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Cargo shipments may face ruin on the high seas from Somali pirates and 15 m swells, but their most perilous passage typically begins when they approach a corrupt port. The cargo ship is often boarded by local pilots and government officials carrying empty suitcases that they expect to be filled with cigarettes, liquor and, lately, iPads. Getting the cargo unloaded onto the dock, through customs and off to its ultimate destination requires another set of bribes to port operators.
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Bribery is a fact of life at many of the world’s ports. The centuries-old tradition is still going strong in the emerging markets of Africa, Asia and the former Soviet Union. “It’s ingrained in the culture and very difficult to clean up,” says Herbert Igbanugo, a Minneapolis lawyer who specializes in international maritime issues. In 2004, the World Bank Institute estimated that more than US$1 trillion is paid in bribes of all kinds each year. Shipping industry experts estimate shipping-related bribes total in the hundreds of billions of dollars.
The problem has prompted a number of efforts to get at root causes. Bribery thrives because civil servants in many emerging markets are woefully underpaid. A good percentage believe supplementing their salaries is acceptable and look to the people they encounter to do so. In most sub-Saharan countries, the position of customs official is highly sought-after. Not only do the officials count on the bribes to survive, but the culture expects them to become rich enough to support their extended families—sometimes even their entire village of origin. Government officials often exert little effort to control bribery because many get a cut.
Reformers have suggested creating both carrots and sticks for underpaid customs officials. Governments could combine wage incentives with better monitoring mechanisms and discipline structures that would ensure that customs officials get sacked if they’re caught. While those solutions sound straightforward, governments are often reluctant to enact them because if they put their customs officials on an incentive system, they would have to do the same for all their civil servants.
Another approach is to engage private contractors to manage cargo handling and other day-to-day port operations on the theory that private companies typically do a better job of monitoring and disciplining their employees. This model, which is used throughout Europe, the Americas and Asia, is now gaining ground in Africa.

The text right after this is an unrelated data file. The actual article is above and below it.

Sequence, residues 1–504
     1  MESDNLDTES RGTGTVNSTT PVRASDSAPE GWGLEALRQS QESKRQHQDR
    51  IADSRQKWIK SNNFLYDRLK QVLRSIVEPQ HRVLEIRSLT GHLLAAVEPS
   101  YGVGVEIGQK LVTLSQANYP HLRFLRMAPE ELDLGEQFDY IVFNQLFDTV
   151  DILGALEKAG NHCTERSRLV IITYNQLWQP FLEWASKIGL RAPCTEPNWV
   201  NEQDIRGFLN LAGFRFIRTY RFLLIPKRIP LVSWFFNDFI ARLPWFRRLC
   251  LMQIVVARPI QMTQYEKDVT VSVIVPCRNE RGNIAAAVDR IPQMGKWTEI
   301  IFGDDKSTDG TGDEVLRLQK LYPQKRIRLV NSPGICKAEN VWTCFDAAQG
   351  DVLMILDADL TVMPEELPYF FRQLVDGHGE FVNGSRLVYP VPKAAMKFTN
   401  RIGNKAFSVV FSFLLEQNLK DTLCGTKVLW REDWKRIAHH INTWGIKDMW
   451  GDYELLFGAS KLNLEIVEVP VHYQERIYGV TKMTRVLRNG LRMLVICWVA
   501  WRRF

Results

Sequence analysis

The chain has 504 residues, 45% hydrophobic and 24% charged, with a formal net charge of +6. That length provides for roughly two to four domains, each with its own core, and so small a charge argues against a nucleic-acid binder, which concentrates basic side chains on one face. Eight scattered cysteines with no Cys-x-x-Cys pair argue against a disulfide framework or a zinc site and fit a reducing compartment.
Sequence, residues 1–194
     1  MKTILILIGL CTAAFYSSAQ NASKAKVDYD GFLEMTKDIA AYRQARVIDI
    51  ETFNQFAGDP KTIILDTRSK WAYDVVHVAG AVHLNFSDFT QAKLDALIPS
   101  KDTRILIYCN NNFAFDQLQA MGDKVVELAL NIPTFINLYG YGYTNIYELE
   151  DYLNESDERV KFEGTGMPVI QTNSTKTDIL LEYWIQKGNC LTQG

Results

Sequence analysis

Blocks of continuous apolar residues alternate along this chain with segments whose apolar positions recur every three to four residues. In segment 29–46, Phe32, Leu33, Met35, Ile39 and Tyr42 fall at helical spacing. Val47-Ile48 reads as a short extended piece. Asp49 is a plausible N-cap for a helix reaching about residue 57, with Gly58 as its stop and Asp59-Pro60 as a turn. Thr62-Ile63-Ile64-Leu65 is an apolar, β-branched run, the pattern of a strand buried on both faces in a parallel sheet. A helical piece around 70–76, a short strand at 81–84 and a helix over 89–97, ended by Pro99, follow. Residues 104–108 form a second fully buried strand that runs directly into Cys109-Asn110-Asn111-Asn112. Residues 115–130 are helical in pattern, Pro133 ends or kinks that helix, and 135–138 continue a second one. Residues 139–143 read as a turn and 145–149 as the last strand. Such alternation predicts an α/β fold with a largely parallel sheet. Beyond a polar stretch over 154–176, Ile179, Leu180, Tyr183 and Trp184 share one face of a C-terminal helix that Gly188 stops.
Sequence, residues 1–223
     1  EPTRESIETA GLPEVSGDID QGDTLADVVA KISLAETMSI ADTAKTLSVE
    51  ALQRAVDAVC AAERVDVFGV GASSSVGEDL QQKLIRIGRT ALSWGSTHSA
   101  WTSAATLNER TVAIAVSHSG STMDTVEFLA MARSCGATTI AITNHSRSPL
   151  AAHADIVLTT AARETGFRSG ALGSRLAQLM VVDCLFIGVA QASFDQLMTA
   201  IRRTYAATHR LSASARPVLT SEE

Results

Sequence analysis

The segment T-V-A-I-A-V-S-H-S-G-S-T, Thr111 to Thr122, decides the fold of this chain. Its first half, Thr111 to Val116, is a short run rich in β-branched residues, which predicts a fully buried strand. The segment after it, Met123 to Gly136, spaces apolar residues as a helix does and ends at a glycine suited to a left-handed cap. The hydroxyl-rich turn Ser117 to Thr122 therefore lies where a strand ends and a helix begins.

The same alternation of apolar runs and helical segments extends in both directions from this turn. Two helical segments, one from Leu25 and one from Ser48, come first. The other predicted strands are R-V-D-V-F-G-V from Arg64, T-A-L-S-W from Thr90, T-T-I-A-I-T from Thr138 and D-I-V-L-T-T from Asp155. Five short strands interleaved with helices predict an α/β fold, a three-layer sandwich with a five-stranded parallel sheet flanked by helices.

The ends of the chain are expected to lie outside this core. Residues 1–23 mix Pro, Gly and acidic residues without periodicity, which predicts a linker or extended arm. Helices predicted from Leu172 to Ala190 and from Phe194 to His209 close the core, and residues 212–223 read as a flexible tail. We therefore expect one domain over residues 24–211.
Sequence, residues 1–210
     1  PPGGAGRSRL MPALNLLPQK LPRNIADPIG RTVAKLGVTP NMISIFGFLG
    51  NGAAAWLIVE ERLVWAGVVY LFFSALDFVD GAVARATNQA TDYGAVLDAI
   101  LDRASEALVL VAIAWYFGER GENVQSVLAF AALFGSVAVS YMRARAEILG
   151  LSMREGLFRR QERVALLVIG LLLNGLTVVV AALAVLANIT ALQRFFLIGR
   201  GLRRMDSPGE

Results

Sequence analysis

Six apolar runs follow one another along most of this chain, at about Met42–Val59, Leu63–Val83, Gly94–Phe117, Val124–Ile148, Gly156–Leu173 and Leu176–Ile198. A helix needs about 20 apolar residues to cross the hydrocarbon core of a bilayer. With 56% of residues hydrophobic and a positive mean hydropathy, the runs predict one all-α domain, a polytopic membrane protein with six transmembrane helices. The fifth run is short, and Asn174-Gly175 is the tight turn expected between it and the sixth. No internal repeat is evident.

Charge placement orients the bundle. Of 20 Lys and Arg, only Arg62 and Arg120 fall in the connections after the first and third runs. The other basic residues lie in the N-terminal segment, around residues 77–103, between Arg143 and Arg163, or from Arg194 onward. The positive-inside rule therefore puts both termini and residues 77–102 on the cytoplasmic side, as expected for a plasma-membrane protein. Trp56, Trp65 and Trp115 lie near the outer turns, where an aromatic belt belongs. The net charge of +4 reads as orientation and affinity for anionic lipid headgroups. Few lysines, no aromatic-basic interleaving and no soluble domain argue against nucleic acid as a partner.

Technological solutions that discourage bribery by preventing face-to-face negotiations between clearing agents and customs officials are also being developed. Many countries are moving to systems that require shippers to submit all documentation online both to speed customs and reduce the opportunity for requesting (and offering) bribes. In Mozambique, for example, officials have recently installed an electronic document submission system that makes it much harder for customs officials to collect a bribe by changing the value of a shipment or moving it into a lower tariff category.
Making more real-time data on port operations available to shippers can also discourage collusion between shipping agents and customs officials. In many cases, shipping agents include extra charges for bribe payments in their fees, but shippers have no way of knowing if the agents are slipping some of that cash into their own pockets. Accurate data on how long shipments take to clear customs in specific ports could help companies determine whether cargo is moving slowly because of a bribery issue or because of general inefficiency. Detailed breakdowns of official tariffs paid and the status of required customs documents could give companies additional leverage.
Igbanugo suggests that companies protect themselves by being particularly careful about the agents who manage their customs clearing. An agent who refuses to abide by anti-bribery laws, charges higher than the going rate or is sloppy with paperwork should be given the boot.
James Tillen, a lawyer at Miller & Chevalier, a Washington, D.C. law firm suggests that companies determined not to pay bribes take the following steps to protect themselves:
- Develop a reputation as a company that has a clear no-payment policy. If officials know you won’t make a payment, they will be less likely to demand one.
- Make sure your paperwork is in perfect order, thus giving customs officials less leverage.
- Plan ahead and build in time so the threat of bribery-related delays won’t affect you.
- Learn all you can about the port. The situation can be different from port to port in the same country and even within the same port.
While these steps may help reduce the amount of bribery in ports, they’re unlikely to eliminate the problem. Sandra Sequeira, an assistant professor at the London School of Economics, found that efforts to reduce bribery sometimes caused customs officials to demand larger bribes from other shippers and move to more coercive methods of extracting payment.